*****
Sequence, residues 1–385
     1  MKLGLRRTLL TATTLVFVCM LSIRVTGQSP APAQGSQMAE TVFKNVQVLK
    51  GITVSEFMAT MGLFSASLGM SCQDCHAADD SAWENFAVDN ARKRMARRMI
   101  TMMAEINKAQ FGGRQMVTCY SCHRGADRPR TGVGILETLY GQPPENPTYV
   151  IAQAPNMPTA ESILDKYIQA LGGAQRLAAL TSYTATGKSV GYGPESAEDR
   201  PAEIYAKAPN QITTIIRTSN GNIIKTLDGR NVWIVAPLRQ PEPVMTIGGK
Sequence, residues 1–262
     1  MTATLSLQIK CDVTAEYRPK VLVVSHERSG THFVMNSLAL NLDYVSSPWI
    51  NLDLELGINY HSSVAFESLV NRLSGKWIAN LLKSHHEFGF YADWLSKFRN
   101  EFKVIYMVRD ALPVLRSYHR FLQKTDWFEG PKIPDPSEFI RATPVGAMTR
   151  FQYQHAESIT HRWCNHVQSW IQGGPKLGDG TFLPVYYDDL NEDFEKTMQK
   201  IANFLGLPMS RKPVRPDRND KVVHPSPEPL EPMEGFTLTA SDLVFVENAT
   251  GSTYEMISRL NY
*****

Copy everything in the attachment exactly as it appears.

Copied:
Sequence, residues 1–385
     1  MKLGLRRTLL TATTLVFVCM LSIRVTGQSP APAQGSQMAE TVFKNVQVLK
    51  GITVSEFMAT MGLFSASLGM SCQDCHAADD SAWENFAVDN ARKRMARRMI
   101  TMMAEINKAQ FGGRQMVTCY SCHRGADRPR TGVGILETLY GQPPENPTYV
   151  IAQAPNMPTA ESILDKYIQA LGGAQRLAAL TSYTATGKSV GYGPESAEDR
   201  PAEIYAKAPN QITTIIRTSN GNIIKTLDGR NVWIVAPLRQ PEPVMTIGGK
Sequence, residues 1–262
     1  MTATLSLQIK CDVTAEYRPK VLVVSHERSG THFVMNSLAL NLDYVSSPWI
    51  NLDLELGINY HSSVAFESLV NRLSGKWIAN LLKSHHEFGF YADWLSKFRN
   101  EFKVIYMVRD ALPVLRSYHR FLQKTDWFEG PKIPDPSEFI RATPVGAMTR
   151  FQYQHAESIT HRWCNHVQSW IQGGPKLGDG TFLPVYYDDL NEDFEKTMQK
   201  IANFLGLPMS RKPVRPDRND KVVHPSPEPL EPMEGFTLTA SDLVFVENAT
   251  GSTYEMISRL NY